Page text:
Partner of Peyronie’s disease – How to cope?

Peyronie’s disease results in an abnormal curvature of penis. It occurs due to formation of fibrous plaque in the tunica albuginea layer of penile shaft. This plaque reduces elasticity of penis resulting in an abnormal curvature, penile pain, shortening of penis and erectile dysfunction.

Successful sex may become impossible if the angle of penile curvature exceeds 30° angle. It is also important to know that normal sex is possible even with a curvature as long as there is no pain or discomfort.

Occurrence of Peyronie’s disease in male partner can also affect the sexual quality of life of the spouse.  Lack of sexual satisfaction may result in loss of intimacy. Some women may experience pain during penetration due to curvature. Care and gentleness may be required during coitus.

Men often find it difficult to discuss the problem with their spouse due to shame and embarrassment. It may also result in anxiety and depression. Research has shown that about 77% men with Peyronie’s disease admit to have “psychological effects” of this disease. So, how should this problem be dealt with?

First step to dealing with the emotional baggage of Peyronie’s is recognition of the problem.   Knowledge about Peyronie’s disease is essential to have a positive approach towards her partner. Improvement can occur spontaneously and effective treatment modalities are available.

The male partner can often develop insecurity and feeling of rejection due to an inability to perform or due to deformity of the penis. Helplessness, anger and frustration may develop in the affected male if the spouse fails to understand and accepts the illness. Discussion between two partners is essential and is required to have a positive frame of mind to tackle the crisis. The problem needs to be discussed openly. This prevents development of low self-esteem. Moral support from the partner is important to make life easier.

Here, the role of urologist is important. The affected couple should realize that a urologist is the best person to guide them and help them through the problem. Since the duration of observation may extend as over a year before surgery is considered, patience on the part of spouse becomes essential. Use of combination therapy may help to speed up the healing process and recovery. Affected person should be advised to be gentle during coitus to avoid more trauma and aggravation of inflammatory fibrosis. In people with severe deformity, surgery may be considered at the end of one year of multi-modality therapy.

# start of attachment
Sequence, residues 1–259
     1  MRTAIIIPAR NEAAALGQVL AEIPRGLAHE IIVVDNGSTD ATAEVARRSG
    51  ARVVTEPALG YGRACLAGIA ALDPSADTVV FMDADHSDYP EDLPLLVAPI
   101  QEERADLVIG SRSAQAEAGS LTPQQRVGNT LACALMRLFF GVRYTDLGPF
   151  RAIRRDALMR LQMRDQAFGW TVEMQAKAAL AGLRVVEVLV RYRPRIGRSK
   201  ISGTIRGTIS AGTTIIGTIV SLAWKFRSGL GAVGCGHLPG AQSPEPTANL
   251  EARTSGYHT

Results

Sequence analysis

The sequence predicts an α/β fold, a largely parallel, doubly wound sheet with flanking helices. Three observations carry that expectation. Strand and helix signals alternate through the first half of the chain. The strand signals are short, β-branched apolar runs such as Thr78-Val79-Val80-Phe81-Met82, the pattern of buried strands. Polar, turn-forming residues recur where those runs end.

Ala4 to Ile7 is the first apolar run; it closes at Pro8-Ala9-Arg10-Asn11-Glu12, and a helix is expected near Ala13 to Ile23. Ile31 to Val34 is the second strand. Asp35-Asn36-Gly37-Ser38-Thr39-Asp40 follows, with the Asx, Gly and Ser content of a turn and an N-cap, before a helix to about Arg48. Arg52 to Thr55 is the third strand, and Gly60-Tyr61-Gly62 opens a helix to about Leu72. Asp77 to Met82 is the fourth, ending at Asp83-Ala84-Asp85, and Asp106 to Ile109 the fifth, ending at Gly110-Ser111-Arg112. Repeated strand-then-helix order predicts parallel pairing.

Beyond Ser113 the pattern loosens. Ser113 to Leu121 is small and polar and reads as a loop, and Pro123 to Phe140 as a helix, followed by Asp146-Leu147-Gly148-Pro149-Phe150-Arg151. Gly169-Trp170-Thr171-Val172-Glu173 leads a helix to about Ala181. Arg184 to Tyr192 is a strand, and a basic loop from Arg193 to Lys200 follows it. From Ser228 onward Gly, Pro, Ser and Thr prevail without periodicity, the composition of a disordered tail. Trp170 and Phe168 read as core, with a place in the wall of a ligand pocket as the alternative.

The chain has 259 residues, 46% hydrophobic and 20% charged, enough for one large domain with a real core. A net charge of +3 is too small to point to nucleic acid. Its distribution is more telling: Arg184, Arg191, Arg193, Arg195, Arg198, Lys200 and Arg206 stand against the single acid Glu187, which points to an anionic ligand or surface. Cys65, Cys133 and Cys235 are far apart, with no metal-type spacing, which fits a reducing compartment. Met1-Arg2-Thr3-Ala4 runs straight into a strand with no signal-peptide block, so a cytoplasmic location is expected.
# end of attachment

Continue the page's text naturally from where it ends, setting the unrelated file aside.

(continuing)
Both require emotional support. A consultation with a psychologist or a sex therapist may coping with Peyronie’s. A positive outlook is essential. Relaxation techniques including meditation, yoga and breathing exercises also provide comfort.

In couples who develop anxiety and depression, consultation and treatment by a psychiatrist is indicated. Depression may be treated with medications or psychotherapy.

References:

1. Rosen R, Catania J, Lue T, Althof S, Henne J, Hellstrom W, et al. Impact of Peyronie’s disease on sexual and psychosocial functioning: qualitative findings in patients and controls. J Sex Med. Aug 2008;5(8):1977-84

2. Rosen R, Henne J, Catania J, Althof S. Patient reported psychosocial impact of Peyronie’s disease. J Sex Med. 2008;5(suppl 1):39.

3. Nelson CJ, Diblasio C, Kendirci M, Hellstrom W, Guhring P, Mulhall JP. The chronology of depression and distress in men with Peyronie’s disease. J Sex Med. Aug 2008;5(8):1985-90.

4. Smith JF, Walsh TJ, Conti SL, Turek P, Lue T. Risk factors for emotional and relationship problems in Peyronie’s disease. J Sex Med. Sep 2008;5(9):2179-84.

5. Gelbard MK, Dorey F, James K. The natural history of Peyronie’s disease. J Urol. 1990 Dec; 144(6):1376-9.

 

 

Last modified on December 1, 2013